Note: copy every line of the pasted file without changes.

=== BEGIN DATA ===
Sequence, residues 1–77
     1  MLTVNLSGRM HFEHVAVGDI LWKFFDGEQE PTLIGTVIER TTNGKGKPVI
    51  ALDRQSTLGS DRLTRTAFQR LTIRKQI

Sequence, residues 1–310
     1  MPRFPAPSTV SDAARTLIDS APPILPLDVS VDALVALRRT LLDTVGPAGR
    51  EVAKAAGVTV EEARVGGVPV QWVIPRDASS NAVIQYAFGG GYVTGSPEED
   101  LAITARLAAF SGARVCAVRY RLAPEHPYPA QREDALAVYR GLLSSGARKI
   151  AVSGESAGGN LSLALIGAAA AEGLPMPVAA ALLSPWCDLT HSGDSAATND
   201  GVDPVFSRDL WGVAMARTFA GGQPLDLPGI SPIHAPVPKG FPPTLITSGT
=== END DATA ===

Sequence, residues 1–77
     1  MLTVNLSGRM HFEHVAVGDI LWKFFDGEQE PTLIGTVIER TTNGKGKPVI
    51  ALDRQSTLGS DRLTRTAFQR LTIRKQI

Sequence, residues 1–310
     1  MPRFPAPSTV SDAARTLIDS APPILPLDVS VDALVALRRT LLDTVGPAGR
    51  EVAKAAGVTV EEARVGGVPV QWVIPRDASS NAVIQYAFGG GYVTGSPEED
   101  LAITARLAAF SGARVCAVRY RLAPEHPYPA QREDALAVYR GLLSSGARKI
   151  AVSGESAGGN LSLALIGAAA AEGLPMPVAA ALLSPWCDLT HSGDSAATND
   201  GVDPVFSRDL WGVAMARTFA GGQPLDLPGI SPIHAPVPKG FPPTLITSGT